Washington: Scientists have confirmed that a low-mass, low-density planet called PH3c has a highly inconsistent orbit time around its sun.
The new planet is said to be located 2,300 light years from Earth and has an atmosphere loaded with hydrogen and helium. The elusive orb nearly avoided detection. This is because PH3c has a different orbit time around sun, due to the gravitational influence of other planets in its system.
Yale graduate student and first author of the paper, Joseph Schmitt, said that PH3c's orbital period changed by 10.5 hours in just 10 orbits.
That inconsistency kept it from being picked up by automated computer algorithms that search stellar light curves and identify regular dips caused by objects passing in front of stars.
The program Planet Hunters, which has found more than 60 planet candidates since 2010 has enlisted citizen scientists to check survey data from the Kepler spacecraft. Planet Hunters recently unveiled a new website and an expanded scientific mission.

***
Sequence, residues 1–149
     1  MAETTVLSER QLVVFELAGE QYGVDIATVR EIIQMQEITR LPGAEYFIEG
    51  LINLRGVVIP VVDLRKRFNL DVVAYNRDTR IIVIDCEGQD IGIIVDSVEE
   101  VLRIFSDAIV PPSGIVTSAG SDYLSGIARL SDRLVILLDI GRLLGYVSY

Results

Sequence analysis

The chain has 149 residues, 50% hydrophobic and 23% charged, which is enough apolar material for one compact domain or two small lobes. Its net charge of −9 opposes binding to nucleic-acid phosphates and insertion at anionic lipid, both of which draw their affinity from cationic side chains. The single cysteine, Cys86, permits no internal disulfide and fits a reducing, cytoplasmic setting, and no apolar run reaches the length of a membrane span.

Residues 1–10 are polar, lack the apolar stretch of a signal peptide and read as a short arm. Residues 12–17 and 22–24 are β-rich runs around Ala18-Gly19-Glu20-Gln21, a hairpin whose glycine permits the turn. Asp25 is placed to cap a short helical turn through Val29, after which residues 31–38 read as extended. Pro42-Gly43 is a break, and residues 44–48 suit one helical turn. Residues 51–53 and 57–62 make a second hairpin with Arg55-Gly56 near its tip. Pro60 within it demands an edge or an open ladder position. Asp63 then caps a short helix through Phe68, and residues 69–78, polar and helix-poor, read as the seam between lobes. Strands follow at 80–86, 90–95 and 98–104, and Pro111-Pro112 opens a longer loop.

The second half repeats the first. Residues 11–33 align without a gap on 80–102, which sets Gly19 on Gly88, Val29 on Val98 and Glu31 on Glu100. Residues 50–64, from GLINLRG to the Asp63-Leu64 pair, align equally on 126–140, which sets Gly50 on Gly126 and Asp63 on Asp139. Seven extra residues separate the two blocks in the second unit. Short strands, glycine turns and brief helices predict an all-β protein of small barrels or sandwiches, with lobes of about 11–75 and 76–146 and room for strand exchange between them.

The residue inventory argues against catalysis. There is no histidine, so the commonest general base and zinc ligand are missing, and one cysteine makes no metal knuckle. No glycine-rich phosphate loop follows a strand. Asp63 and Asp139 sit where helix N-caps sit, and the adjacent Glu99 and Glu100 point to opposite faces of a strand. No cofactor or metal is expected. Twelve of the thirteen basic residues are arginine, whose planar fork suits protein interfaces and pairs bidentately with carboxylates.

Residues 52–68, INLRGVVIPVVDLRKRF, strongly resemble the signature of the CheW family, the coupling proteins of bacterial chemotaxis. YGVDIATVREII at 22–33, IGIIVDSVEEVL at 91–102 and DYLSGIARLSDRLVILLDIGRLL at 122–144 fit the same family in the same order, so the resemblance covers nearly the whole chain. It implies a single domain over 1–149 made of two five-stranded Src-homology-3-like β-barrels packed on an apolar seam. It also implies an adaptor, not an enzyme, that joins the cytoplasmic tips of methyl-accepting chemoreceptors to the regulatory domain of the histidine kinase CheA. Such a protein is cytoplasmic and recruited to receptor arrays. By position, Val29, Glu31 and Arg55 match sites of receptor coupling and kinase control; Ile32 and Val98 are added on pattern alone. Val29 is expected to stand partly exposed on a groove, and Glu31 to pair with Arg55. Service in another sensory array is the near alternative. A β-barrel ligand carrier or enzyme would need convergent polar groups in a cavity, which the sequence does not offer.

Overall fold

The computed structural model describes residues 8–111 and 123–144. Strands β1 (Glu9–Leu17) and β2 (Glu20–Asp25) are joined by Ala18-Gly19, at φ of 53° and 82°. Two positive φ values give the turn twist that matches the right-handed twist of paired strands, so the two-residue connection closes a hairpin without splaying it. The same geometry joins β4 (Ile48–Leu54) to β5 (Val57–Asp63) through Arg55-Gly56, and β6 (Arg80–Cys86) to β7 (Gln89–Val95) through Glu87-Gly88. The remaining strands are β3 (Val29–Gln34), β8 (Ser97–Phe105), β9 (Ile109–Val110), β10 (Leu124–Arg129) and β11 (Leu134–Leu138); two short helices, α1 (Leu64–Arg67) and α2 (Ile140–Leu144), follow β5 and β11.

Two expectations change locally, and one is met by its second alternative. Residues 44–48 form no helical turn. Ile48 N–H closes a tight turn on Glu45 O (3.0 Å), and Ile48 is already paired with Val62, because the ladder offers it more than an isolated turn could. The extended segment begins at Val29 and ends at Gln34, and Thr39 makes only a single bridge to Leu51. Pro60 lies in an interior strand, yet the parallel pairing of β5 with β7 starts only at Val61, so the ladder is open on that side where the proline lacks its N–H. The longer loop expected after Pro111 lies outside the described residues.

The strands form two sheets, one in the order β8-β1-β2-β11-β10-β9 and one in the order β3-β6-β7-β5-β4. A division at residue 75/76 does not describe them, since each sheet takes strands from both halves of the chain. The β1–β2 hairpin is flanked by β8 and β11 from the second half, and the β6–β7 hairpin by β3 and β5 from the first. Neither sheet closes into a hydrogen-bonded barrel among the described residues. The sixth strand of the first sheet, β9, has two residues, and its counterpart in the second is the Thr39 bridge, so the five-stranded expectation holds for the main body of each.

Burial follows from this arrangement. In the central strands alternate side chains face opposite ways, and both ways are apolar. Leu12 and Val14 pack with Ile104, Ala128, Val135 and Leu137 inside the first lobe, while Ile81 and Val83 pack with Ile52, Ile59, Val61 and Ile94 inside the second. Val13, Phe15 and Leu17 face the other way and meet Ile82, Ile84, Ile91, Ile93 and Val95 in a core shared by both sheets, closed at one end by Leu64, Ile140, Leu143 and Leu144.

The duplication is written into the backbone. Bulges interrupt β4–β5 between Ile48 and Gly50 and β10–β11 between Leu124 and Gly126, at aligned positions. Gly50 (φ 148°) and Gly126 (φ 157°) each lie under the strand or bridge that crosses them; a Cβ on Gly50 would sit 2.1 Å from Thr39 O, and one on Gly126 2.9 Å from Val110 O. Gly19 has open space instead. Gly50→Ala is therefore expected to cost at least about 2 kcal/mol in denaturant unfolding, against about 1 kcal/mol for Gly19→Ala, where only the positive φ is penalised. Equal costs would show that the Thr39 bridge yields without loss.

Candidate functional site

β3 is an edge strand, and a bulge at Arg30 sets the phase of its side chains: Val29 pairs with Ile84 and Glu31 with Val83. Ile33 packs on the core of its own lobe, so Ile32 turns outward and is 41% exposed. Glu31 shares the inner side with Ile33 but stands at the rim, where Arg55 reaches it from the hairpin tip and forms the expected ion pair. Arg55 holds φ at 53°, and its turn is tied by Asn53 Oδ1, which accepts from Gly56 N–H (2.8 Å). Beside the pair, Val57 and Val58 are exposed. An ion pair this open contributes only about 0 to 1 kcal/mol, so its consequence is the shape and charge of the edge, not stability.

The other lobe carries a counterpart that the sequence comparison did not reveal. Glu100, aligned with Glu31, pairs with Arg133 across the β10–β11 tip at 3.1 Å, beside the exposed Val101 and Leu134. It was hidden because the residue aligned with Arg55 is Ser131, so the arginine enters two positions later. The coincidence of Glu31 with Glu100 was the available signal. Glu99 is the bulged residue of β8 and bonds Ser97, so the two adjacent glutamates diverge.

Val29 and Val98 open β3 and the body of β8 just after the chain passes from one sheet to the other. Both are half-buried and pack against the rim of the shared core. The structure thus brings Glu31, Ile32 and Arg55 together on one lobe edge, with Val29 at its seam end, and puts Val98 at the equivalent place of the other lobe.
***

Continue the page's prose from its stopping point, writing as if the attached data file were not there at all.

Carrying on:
Not only has Planet Hunters spotted PH3c, but the discovery has also enabled astronomers to better characterize two other planets, one on each side of PH3c.
Schmitt has said that the middle planet was key to confirming the others and allowing us to find their masses and outer planet's orbital period has also changed slightly, by about 10 minutes.
The study is published in the journal The Astrophysical Journal.